EDITORIAL: Change in law up to citizens

Noble intention doesn’t serve system facing funding shortfalls.

Trustee-elect Donna Allen raises a valid point about whether election candidates with a criminal record should be allowed to run for public office.

As it stands, election laws only prevent people actively serving prison time from running for public office.

People with convictions for drug possession, assault or drunk driving can serve alongside others with a squeaky-clean record.

Allen has such a problem with this that she resigned her post prior to being sworn in as trustee – an irresponsible move, despite her noble intentions.

At some point, Allen became aware that one of her new colleagues, Bill Bard, had a criminal record for drug possession.

Allen decided that she could not work with Bard on the Nanaimo school board while pursuing changes to election laws.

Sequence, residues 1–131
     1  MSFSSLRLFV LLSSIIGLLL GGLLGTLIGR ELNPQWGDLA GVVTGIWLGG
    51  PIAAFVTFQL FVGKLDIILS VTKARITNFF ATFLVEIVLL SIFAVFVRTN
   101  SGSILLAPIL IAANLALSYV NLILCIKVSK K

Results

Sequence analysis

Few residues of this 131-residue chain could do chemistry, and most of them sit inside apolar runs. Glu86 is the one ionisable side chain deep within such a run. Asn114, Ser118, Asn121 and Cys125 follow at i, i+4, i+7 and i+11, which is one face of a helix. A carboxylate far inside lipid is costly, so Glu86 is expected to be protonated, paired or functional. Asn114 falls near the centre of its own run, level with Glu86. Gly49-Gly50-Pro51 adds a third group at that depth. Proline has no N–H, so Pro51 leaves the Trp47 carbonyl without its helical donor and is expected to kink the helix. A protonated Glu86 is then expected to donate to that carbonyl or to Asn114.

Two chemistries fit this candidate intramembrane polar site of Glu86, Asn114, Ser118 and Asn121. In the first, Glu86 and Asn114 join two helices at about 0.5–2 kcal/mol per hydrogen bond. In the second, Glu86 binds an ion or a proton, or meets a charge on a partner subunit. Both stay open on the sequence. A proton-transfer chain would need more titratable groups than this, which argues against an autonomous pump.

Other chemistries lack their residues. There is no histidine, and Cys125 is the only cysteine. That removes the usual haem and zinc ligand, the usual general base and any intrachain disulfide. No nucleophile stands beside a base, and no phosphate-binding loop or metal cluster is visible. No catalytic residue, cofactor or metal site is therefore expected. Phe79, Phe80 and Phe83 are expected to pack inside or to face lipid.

At best, Allen did a disservice to the people who voted for her to represent the interests of Nanaimo’s public education system.

At worst, she might cost the school district up to $100,000 for a byelection – taking badly needed money from teachers and students in a system that Allen herself describes as underfunded.

Bard was duly elected under the terms set forth by provincial legislation. He was under no obligation to declare his past crime, for which he paid his debt to society and by his own account, is set to be pardoned.

Now that Allen raised the issue, however, it’s up to the citizens of Nanaimo and the rest of B.C. to decide whether Bard or any election hopeful should have to declare a criminal record in future elections.

If the public decides it’s an issue worth pursuing, people need to mount a campaign to have the existing law changed.